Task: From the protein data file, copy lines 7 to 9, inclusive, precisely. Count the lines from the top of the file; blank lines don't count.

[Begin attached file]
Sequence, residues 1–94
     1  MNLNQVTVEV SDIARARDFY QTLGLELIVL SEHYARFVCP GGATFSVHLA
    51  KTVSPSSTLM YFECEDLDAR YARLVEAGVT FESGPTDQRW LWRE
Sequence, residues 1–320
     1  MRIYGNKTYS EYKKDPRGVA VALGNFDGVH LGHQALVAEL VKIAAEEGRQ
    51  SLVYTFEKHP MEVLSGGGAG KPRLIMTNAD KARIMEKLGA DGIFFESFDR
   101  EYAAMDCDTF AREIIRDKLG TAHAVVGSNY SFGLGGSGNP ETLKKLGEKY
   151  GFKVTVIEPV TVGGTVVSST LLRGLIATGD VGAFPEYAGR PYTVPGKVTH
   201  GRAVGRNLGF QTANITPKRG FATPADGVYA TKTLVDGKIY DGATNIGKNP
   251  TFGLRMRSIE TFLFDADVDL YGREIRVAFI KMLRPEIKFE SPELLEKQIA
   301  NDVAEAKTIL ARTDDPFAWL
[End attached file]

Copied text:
   101  EYAAMDCDTF AREIIRDKLG TAHAVVGSNY SFGLGGSGNP ETLKKLGEKY
   151  GFKVTVIEPV TVGGTVVSST LLRGLIATGD VGAFPEYAGR PYTVPGKVTH
   201  GRAVGRNLGF QTANITPKRG FATPADGVYA TKTLVDGKIY DGATNIGKNP